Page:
Colorado is one of several states that has recently installed a Prescription Drug Affordability Board (PDAB) in an effort to lower drug costs. But some Coloradans are concerned that the process could lead to disruptions in access to certain life-saving medications.
Some PDAB states are permitted to set upper payment limits (UPLs) on drugs, including Colorado’s. Its PDAB is currently conducting affordability reviews for five drugs it may consider for UPLs: Enbrel, Genvoya, Cosentyx, Stelara, and Trikafta.
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Several residents who suffer from cystic fibrosis have expressed concern about the inclusion of Trikafta on that list during PDAB meetings. The US Food and Drug Administration approved Trikafta for cystic fibrosis (CF) patients (age 12 and older, with at least one F508del mutation) in October 2019. Since then, it has been a game-changer for many CF patients who say it has vastly improved their lives.
Dr. Samantha Monson, a psychologist in Denver, told State of Reform that, although the PDAB’s overall purpose is to render medications more accessible to patients by lowering costs, many CF patients are concerned about Trikafta access because it’s made their lives so much better, and they’re unsure of how a UPL would affect it.
“I think costs need to be contained. You have to start somewhere, and a UPL is a place to start. It’s going to work for some medications, and for some, it won’t. The process has not matured to be able to safeguard the ultimate issue, which is access. It’s well-intentioned, but it needs to mature and develop. The biggest skeptics said this will be devastating. I think the UPL process needs to be better tested and refined with medications that people’s lives are not so dependent on. If access was jeopardized unintentionally, there would be no other medication that’s close to Trikafta.”— Monson
Monson was diagnosed with CF as a baby. She compared the impact Trikafta has had on her life and others who use it to the impact highly active antiretroviral therapy (HAART) has had on individuals diagnosed with HIV.
“When HAART was approved, it meant HIV was no longer a death sentence,” Monson said. “That’s what Trikafta has done for CF patients. It’s the same thing. I am down from doing respiratory treatment for two hours a day to less than an hour. I’m not malnourished anymore. I now have normal bone density. Since being on Trikafta, I have not missed one single day of work.”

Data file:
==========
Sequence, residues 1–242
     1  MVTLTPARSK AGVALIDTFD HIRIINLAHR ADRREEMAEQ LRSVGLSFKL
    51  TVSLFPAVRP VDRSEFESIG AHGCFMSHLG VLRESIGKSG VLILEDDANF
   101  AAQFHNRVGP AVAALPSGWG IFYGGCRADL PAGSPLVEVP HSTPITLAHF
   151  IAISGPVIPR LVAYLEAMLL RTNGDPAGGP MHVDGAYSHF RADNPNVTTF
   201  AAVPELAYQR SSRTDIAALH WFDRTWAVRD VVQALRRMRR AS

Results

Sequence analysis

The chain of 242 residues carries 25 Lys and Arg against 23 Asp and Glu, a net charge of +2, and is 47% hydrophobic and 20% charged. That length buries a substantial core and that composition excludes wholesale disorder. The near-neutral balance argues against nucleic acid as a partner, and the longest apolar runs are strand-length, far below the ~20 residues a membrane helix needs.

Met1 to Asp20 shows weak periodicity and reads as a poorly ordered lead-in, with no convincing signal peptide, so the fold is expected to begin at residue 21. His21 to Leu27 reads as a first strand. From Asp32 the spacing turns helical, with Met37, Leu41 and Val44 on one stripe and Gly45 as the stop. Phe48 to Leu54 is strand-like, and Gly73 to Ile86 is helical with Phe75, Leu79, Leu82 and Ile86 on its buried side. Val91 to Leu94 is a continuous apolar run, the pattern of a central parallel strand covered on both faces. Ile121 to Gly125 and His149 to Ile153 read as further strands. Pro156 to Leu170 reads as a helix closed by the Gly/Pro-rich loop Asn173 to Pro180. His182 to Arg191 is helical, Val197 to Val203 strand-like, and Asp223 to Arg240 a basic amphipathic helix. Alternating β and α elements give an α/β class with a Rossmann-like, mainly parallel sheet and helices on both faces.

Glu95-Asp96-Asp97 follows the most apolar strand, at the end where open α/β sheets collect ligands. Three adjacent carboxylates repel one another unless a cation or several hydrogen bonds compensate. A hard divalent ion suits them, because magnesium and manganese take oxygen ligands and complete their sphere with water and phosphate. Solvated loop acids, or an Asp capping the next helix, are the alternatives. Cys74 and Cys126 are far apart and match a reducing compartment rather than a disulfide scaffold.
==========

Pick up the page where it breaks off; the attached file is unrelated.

CF patients are constantly at risk for lung infections, and their hospitalizations can be exceptionally long.
“I feel like it could be difficult for someone who has not had CF to understand what Trikafta means,” Monson said. “Imagine the last 12 months of your life, and it was spent in the hospital. That’s living with CF. Many people would’ve had 12 months of life sucked up by a hospital stay if not for Trikafta. If I plan a trip, I might not have it. You live with this worry every day, even when you’re healthy. And then came Trikafta. No one is going to the hospital anymore. We’re not missing out on life anymore.”
The five drugs chosen for affordability reviews by the PDAB are all expensive, and Trikafta (which is only taken by a few hundred Coloradans) has a list price of $300,000 a year. But many insurers cover the cost of the prescription, and pay about $15 a month for it.
“I’ve never paid more than $15 for Trikafta because of its financial assistance program,” Monson said. “And I have never had access issues, and that seems to be the feedback coming from the CF community.”
The Cystic Fibrosis Foundation’s annual patient registry report shows a high utilization rate of more than 90 percent of eligible patients for Trikafta. And Monson said the drug’s manufacturer, Vertex, conducts outreach to ensure CF patients have access.
“The Vertex program provides financial assistance and uses their own money to have a care team. When a patient is prescribed a drug, it’s going to get into their system that they’re taking this medication because Vertex reaches out to all CF patients. And because it’s a rare disease, you have a patient population that makes sure no one falls through the cracks.”— Monson
State of Reform also asked the Cystic Fibrosis Foundation (CFF) whether it had Trikafta access concerns around PDAB’s work. CFF spokesperson Katie Haswell said the foundation has had ongoing communication with PDAB to ensure that it understands the transformative benefits of cystic fibrosis transmembrane conductance regulator modulators like Trikafta.
“To date, no state has established a UPL for a drug, so it is challenging to predict how it might impact access,” Haswell said. “Any policies put forward must ensure that everyone with CF in Colorado continues to be able to benefit from this highly effective therapy.”
PDAB Director Lila Cummings described the work the board is doing at the 2023 Colorado State of Reform Health Policy Conference.
“We heard over the past two years from consumers directly that prescription drugs (are) unaffordable,” Cummings said. “That’s a concern. So the work of the board is to understand which prescription drugs are unaffordable to Coloradans, and what can be done to increase access.”